Inspiring Enchantment & Illumination with Tarot & Intuitive Guidance

A Prophylactic Dose of Nature

Forget not that the earth delights to feel your bare feet
the winds long to play with your hair.
— Kahlil Gibran

As we move forward on our journey to Graceland, we honor the lovely Grace, Thalia. Thalia, who is also considered one of the Muses, offers us Her gracious gifts of flowering, laughter, and growth. Surely, Springtime is Her most lush, celebratory time.

But what place do we actually make for Her in our lives? The truth is, for many of us, our exposure to the worlds of flowering, growth, and wild Nature is minimal. And this is increasingly true for our young.

An estimated six million children in the United States are currently taking powerful psychiatric medications, many of which have never even been tested on children. The long-term effects are unknown.

Certainly it is not the solution for all cases, but as I discussed previously, researchers are finding that many of the ills that seem epidemic among our children – attention deficit, obesity, depression, anxiety disorders, and even criminal behavior – can be directly linked to their lack of exposure to the outdoors in general, and Nature in particular.

Dr. William Bird, health adviser to Natural England notes, “”Studies have shown that people deprived of contact with nature are at greater risk of depression and anxiety. Children are getting less and less unsupervised time in the natural environment. If children haven’t had contact with nature, they never develop a relationship with the natural environment and they are unable to use it to cope with stress,” he explains. “They need time playing in the countryside, in parks and in gardens where they can explore, dig up the ground and build dens.”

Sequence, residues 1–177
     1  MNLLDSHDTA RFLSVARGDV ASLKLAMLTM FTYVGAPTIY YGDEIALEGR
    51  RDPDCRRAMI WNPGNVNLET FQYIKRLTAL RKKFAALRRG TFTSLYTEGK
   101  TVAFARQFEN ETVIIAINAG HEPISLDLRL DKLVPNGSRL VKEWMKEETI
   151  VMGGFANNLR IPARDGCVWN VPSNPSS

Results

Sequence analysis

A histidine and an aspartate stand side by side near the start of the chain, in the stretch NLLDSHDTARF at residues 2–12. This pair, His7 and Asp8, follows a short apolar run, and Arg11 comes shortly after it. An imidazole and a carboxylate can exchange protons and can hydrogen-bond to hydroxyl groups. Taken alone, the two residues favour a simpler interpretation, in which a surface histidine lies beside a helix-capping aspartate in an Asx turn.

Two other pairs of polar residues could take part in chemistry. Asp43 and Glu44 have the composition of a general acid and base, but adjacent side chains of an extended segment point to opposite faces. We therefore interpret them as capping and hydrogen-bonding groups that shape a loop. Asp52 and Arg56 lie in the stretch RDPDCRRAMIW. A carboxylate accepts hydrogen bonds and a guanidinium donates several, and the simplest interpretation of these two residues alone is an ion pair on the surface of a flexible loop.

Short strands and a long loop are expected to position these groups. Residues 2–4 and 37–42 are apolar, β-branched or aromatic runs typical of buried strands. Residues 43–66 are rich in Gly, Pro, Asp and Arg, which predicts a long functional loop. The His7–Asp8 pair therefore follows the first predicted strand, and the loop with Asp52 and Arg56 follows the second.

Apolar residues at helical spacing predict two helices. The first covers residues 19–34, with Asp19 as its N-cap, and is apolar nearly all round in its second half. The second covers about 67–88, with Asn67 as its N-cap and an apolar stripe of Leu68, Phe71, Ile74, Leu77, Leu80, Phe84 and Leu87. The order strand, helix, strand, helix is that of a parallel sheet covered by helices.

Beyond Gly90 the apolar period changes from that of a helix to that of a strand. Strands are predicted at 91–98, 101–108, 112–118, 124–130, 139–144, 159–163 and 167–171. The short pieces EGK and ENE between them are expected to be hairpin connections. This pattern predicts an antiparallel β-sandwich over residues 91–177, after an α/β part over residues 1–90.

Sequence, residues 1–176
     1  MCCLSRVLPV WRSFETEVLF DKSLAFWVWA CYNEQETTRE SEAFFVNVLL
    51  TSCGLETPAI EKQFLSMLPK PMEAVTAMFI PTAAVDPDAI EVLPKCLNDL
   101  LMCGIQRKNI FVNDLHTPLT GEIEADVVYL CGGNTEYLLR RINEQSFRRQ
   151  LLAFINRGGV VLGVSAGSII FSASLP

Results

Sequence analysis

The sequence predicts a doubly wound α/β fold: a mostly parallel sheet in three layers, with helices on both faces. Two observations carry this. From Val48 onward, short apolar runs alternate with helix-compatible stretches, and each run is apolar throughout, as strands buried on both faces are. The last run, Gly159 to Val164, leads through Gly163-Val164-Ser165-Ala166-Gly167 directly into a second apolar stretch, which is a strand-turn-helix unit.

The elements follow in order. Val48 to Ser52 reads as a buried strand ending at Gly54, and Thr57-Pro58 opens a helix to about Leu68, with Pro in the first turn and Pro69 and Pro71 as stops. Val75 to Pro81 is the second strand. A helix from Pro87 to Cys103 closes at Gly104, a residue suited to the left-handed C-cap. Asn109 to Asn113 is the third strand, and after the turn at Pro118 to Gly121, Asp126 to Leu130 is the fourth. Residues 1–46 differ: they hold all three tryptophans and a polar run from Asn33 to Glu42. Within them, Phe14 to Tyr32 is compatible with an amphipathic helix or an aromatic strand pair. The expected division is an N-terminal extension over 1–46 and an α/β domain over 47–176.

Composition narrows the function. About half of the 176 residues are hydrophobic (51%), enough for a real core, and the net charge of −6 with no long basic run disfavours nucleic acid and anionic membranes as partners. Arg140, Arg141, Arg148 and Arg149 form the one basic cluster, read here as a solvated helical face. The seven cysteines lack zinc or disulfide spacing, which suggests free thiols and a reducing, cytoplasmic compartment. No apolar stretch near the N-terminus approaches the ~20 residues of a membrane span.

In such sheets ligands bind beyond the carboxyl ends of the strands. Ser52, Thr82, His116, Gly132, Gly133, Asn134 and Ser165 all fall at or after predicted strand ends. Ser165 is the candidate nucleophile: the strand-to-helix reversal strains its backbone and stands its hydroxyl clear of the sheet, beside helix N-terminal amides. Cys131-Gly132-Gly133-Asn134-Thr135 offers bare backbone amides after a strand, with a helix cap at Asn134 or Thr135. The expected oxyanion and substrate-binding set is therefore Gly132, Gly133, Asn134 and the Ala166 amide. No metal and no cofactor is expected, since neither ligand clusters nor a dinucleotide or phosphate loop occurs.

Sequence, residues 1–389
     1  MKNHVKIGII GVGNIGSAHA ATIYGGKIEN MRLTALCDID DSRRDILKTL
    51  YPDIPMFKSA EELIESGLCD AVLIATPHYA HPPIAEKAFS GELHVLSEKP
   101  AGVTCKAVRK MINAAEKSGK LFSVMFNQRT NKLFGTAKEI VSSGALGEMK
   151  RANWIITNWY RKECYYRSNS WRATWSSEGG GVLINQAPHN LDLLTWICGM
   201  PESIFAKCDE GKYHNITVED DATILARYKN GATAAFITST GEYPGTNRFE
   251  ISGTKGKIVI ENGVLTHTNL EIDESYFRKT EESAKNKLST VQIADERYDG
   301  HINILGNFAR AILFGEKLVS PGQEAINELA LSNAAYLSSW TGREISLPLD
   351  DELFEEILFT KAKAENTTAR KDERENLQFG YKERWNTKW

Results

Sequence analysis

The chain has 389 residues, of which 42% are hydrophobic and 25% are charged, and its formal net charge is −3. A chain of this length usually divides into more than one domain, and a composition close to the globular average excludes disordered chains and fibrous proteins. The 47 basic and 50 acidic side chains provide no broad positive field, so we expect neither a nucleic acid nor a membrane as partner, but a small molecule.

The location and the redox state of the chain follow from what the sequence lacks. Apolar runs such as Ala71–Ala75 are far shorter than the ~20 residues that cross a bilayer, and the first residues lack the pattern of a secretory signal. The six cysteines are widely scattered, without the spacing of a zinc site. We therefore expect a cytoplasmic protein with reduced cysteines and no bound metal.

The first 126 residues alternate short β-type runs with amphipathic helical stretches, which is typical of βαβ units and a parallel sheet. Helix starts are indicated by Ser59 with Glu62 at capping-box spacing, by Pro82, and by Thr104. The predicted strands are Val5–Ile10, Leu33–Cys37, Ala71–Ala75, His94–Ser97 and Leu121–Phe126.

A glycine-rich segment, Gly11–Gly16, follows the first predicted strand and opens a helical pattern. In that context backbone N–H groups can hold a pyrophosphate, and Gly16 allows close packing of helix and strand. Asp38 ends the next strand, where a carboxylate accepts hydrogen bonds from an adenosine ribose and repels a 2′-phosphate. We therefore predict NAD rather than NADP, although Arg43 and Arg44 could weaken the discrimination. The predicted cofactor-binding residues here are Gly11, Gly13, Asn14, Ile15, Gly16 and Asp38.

His report, published by Natural England and the Royal Society for the Protection of Birds, also found that children’s behavior and schoolwork improve if their playgrounds simply have grassy areas, ponds and trees.

These are not new ideas. As Jeanne Hamming of Scientific American observes, when Theodore Roosevelt championed the preservation of wilderness areas in the United States, he did so in part because “he saw a prophylactic dose of nature as a counter to mounting urban malaise in the early 20th century.”

But in addition to the many physical and emotional benefits for them, there are other, even more urgent reasons for encouraging our children to venture away from their indoor, artificial worlds. Tomorrow, I’ll share some of them with you.

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  • April 3, 2008, 11:24 am Greg Fletcher-Marzullo

    I’m finding these posts on the necessity of nature really inspiring.

    As a child, I grew up playing in the woods, next to a stream, near spruce trees – all in New England. I can’t imagine not having had that experience, and now living in a more urban area, my heart often goes out to children who’s only seeming connection to natural spaces is on fieldtrips.


  • April 4, 2008, 6:18 am Beth Owl's Daughter

    Well said, Greg; that is exactly what I’ve written about for Friday!